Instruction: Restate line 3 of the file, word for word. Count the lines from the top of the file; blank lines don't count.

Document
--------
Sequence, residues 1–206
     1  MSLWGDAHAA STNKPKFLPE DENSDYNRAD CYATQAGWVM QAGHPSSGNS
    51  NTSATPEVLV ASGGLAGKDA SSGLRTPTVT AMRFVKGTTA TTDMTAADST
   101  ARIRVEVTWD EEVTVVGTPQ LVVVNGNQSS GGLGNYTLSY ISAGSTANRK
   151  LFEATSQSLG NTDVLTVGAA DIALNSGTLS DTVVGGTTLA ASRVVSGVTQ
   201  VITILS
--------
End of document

    51  NTSATPEVLV ASGGLAGKDA SSGLRTPTVT AMRFVKGTTA TTDMTAADST